The 82nd Annual Meeting of the American Association of Physical Anthropologists (2013)


Withdrawn. Integrative aspects of the hominoid mandible

NANDINI SINGH.

Department of Anthropology, Pennsylvania State University

Thursday 11:45-12:00, Ballroom B Add to calendar

Despite being phenotypically distinct, hominoids have a common pattern of cranial integration. That is, coordinated variation among developmentally and/or functionally related cranial components is similar among hominoid species. While there have been several studies on morphological integration in the cranium, few have focused solely on the hominoid mandible. A better understanding of mandibular integration patterns can provide insight on factors that generate morphological constraints in the hominoid skull. This study examines ontogenetic integration in 140 sub-adult and adult humans, chimpanzees and bonobos to assess how integration patterns in the mandible compare to those of the cranium. A total of 29 3D landmarks were collected on the entire mandible and subsequently divided into developmental modules (alveolar region and ramus) to examine integration. Procrustes-based geometric morphometrics and two-block partial least squares analysis were conducted to quantify and examine integration patterns. PLS1, which accounts for 66% of the total covariance in the dataset, shows that Pan and Homo have a common pattern of integration, with the juvenile chimpanzees and bonobos clustering with the adult humans. Shape changes show humans to have a short alveolar region associated with a short and broad ramus, compared to an elongated alveolar and tall ramus in Pan. PLS2 (16.2%) separates humans from Pan, and accounts for shape changes mainly along the symphysis and inclination of the ramus. Overall results suggest that morphological integration in the cranium and mandible is similar among these taxa; however, species-specific integration patterns are more distinct in the mandible than in the cranium.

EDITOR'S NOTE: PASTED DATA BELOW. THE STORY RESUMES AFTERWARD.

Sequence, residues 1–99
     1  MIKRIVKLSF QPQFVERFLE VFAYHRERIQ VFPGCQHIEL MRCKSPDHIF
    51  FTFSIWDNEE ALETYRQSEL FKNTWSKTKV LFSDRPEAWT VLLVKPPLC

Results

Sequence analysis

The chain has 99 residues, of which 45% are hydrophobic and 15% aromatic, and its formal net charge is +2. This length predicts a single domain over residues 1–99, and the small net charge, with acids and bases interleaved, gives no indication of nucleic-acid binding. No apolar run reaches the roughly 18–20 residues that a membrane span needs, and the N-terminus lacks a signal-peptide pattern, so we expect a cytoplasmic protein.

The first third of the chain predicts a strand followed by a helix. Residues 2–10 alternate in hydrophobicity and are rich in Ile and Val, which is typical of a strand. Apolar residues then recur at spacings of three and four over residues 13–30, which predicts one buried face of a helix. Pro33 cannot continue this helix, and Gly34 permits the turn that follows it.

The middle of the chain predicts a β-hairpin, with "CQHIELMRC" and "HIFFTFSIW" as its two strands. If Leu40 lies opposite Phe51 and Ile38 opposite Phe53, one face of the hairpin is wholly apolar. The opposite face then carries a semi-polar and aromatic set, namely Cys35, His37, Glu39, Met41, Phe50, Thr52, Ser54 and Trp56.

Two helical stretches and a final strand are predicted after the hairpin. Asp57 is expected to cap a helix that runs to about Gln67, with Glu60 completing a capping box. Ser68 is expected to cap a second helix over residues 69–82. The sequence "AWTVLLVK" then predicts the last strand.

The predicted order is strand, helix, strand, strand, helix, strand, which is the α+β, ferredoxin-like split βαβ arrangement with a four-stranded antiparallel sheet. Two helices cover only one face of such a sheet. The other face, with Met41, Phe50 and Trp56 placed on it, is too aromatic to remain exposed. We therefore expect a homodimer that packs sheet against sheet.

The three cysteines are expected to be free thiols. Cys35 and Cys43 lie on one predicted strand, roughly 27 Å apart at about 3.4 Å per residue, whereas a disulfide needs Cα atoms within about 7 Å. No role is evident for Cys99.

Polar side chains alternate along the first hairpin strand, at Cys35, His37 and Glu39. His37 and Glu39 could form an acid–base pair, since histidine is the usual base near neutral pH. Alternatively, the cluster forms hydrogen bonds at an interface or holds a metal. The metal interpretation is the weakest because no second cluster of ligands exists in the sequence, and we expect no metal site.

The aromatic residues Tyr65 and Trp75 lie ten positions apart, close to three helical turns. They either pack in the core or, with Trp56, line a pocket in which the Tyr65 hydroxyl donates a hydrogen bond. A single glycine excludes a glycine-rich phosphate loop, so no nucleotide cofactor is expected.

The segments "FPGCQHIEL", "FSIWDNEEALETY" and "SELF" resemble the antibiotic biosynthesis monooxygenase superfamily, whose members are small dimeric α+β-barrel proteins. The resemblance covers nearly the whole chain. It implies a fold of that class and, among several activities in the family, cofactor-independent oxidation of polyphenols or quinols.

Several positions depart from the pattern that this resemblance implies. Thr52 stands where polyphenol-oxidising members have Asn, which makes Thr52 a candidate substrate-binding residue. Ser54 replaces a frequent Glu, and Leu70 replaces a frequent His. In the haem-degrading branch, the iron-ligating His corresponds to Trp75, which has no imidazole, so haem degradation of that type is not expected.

Funding sources: Marie-Curie (“EVAN”) Action grant MRTN-CT-2005-019564; NIH/NIDCR grant #R01-DE018500

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